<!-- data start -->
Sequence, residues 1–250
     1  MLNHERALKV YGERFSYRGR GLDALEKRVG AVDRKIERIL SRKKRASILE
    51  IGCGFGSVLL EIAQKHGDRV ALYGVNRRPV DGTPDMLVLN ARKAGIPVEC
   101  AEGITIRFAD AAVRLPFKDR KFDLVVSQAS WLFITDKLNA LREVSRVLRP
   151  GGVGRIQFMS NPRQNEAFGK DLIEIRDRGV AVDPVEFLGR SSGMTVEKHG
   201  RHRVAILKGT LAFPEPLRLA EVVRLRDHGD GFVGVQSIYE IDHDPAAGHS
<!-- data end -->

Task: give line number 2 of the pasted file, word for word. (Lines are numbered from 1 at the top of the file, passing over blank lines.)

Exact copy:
     1  MLNHERALKV YGERFSYRGR GLDALEKRVG AVDRKIERIL SRKKRASILE